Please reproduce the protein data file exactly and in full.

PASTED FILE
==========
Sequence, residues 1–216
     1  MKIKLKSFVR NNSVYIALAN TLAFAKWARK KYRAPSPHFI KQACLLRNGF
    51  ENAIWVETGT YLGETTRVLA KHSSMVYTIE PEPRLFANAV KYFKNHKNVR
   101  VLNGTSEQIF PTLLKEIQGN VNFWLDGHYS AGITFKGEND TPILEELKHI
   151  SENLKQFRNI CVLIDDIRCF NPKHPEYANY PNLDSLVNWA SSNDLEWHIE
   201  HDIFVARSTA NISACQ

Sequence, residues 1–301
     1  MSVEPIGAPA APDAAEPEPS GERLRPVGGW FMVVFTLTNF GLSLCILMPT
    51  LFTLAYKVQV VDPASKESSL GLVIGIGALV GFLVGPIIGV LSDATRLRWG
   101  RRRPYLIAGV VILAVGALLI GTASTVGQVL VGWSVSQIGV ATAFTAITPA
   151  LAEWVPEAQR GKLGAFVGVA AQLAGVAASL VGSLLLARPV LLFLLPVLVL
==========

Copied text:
Sequence, residues 1–216
     1  MKIKLKSFVR NNSVYIALAN TLAFAKWARK KYRAPSPHFI KQACLLRNGF
    51  ENAIWVETGT YLGETTRVLA KHSSMVYTIE PEPRLFANAV KYFKNHKNVR
   101  VLNGTSEQIF PTLLKEIQGN VNFWLDGHYS AGITFKGEND TPILEELKHI
   151  SENLKQFRNI CVLIDDIRCF NPKHPEYANY PNLDSLVNWA SSNDLEWHIE
   201  HDIFVARSTA NISACQ

Sequence, residues 1–301
     1  MSVEPIGAPA APDAAEPEPS GERLRPVGGW FMVVFTLTNF GLSLCILMPT
    51  LFTLAYKVQV VDPASKESSL GLVIGIGALV GFLVGPIIGV LSDATRLRWG
   101  RRRPYLIAGV VILAVGALLI GTASTVGQVL VGWSVSQIGV ATAFTAITPA
   151  LAEWVPEAQR GKLGAFVGVA AQLAGVAASL VGSLLLARPV LLFLLPVLVL